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Throughout the developed world, we are at a point in our evolution at which famine, which essentially governed the rise and fall of civilizations throughout history, is no longer an acute threat. And we know more about the connection between food and health than ever before--down to the molecular level, actually.
This has provided us the curious luxury of being fussy, even snooty, about what we eat, considering some foods, well, below our station. That's silly. Food isn't about cachet. It's about nourishment, pleasure and the profound well-being that comes from the way meals draw us together.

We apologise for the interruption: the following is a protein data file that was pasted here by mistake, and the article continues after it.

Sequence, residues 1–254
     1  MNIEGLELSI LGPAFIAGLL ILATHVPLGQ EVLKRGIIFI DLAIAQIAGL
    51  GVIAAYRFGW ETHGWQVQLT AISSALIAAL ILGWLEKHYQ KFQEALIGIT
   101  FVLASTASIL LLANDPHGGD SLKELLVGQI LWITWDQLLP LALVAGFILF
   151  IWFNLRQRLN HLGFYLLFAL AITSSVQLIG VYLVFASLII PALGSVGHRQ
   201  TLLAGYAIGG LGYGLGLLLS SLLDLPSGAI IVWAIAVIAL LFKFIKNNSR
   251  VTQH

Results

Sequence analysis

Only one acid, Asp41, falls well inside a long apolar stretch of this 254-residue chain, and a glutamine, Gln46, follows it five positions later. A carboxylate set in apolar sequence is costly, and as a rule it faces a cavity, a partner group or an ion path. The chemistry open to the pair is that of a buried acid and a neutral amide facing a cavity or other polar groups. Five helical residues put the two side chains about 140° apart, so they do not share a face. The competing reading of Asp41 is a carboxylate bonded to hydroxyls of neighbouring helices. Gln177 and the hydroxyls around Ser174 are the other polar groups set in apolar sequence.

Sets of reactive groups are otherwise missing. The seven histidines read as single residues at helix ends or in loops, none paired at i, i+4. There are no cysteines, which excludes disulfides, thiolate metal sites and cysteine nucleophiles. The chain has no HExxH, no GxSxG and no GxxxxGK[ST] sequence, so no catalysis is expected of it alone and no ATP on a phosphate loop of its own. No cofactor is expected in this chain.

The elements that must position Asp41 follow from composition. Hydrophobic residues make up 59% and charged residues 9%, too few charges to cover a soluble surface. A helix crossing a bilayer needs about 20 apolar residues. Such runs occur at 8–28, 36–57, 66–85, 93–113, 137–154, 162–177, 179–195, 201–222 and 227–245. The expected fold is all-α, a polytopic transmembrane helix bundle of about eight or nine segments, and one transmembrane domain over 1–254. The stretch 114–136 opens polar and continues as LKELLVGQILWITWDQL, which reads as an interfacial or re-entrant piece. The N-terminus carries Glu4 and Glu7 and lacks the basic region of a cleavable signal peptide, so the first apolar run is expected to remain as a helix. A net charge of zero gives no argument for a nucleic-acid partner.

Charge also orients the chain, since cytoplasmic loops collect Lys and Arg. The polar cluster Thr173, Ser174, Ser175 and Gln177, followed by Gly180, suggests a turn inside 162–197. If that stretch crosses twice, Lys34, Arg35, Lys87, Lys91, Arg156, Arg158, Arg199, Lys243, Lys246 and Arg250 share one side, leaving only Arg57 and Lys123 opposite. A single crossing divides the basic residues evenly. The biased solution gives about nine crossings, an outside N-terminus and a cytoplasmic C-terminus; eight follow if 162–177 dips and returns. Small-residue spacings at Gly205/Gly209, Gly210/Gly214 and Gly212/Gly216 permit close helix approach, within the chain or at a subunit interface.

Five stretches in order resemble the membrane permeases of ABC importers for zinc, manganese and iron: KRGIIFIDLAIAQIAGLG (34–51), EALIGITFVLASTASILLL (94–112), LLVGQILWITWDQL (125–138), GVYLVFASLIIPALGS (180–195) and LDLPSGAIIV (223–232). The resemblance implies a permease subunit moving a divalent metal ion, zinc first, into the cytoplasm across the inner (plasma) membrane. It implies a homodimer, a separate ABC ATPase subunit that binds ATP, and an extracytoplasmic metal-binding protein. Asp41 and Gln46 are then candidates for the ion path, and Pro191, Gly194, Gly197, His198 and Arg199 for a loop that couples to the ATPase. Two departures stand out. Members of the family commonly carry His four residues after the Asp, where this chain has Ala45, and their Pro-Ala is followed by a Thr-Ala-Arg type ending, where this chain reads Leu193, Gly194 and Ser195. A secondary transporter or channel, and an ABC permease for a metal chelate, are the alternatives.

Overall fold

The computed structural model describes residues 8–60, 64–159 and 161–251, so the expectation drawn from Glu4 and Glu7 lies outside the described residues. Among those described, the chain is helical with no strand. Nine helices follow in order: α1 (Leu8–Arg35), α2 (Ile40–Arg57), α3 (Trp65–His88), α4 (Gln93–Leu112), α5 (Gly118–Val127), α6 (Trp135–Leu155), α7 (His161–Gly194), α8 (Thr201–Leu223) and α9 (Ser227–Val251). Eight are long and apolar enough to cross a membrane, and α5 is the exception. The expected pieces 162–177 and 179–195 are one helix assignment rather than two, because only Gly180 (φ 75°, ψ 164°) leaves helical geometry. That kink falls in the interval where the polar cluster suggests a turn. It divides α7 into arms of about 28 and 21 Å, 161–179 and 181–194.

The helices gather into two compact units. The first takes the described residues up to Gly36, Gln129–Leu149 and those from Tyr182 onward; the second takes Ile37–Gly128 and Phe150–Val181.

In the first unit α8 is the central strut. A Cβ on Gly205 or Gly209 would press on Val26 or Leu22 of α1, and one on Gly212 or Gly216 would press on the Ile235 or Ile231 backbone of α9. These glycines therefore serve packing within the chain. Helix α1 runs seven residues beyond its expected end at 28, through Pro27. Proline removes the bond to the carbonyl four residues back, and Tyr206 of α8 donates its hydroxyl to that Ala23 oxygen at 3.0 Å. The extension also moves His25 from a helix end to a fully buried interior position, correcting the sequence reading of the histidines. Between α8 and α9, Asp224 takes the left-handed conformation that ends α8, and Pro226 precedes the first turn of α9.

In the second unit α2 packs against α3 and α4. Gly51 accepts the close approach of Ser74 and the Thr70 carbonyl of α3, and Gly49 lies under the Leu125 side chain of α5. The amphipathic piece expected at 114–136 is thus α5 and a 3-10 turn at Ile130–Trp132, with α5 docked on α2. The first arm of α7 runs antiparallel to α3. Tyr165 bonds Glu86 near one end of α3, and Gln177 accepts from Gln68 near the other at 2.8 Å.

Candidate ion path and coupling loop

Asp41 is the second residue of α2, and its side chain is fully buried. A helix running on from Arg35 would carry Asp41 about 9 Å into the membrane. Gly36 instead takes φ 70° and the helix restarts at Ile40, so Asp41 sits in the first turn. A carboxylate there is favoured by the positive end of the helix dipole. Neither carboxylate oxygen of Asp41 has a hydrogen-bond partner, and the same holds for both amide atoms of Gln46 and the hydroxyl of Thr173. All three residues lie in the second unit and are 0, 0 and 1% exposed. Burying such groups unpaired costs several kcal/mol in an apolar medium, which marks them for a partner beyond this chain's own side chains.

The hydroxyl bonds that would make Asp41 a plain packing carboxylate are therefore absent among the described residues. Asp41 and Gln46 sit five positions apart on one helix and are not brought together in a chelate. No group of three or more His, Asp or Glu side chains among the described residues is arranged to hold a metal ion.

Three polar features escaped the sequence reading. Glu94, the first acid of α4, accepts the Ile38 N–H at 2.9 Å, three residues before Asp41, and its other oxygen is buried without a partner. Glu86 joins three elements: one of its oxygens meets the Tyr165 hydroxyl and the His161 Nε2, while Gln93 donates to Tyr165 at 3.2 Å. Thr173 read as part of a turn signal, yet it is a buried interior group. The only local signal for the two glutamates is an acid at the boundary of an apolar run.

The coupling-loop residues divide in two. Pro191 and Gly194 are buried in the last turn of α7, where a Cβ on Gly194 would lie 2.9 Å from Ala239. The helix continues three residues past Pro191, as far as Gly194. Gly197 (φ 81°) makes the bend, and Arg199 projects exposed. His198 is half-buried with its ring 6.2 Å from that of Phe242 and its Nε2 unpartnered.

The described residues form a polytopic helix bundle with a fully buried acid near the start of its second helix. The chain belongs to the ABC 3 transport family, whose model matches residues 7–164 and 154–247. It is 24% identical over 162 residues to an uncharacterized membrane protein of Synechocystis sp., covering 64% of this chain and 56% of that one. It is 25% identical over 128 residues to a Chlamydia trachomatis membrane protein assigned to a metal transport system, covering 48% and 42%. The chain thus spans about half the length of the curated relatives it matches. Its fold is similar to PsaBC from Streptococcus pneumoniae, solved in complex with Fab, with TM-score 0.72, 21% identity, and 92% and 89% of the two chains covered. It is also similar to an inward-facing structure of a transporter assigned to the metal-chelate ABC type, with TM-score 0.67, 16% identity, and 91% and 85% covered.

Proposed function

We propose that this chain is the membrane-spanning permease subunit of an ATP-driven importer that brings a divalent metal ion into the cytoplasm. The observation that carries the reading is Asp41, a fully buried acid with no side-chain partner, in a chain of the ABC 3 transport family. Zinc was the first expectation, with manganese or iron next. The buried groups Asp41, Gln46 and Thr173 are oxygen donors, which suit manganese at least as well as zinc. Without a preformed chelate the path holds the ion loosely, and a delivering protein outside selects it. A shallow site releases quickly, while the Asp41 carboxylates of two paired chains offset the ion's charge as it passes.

Even foods that I have described as no-go items are really O.K. in the right situations. I recently enjoyed some fantastic barbecue after a long project in Kansas City, Mo., and I certainly ate the cake and more at my daughter's wedding. As with any relationship that flourishes, respect is at the core of how you get along with food--respect and keeping things simple.
Mehmet Oz is a vice chairman and professor of surgery at Columbia University, a best-selling author and the Emmy Award--winning host of The Dr. Oz Show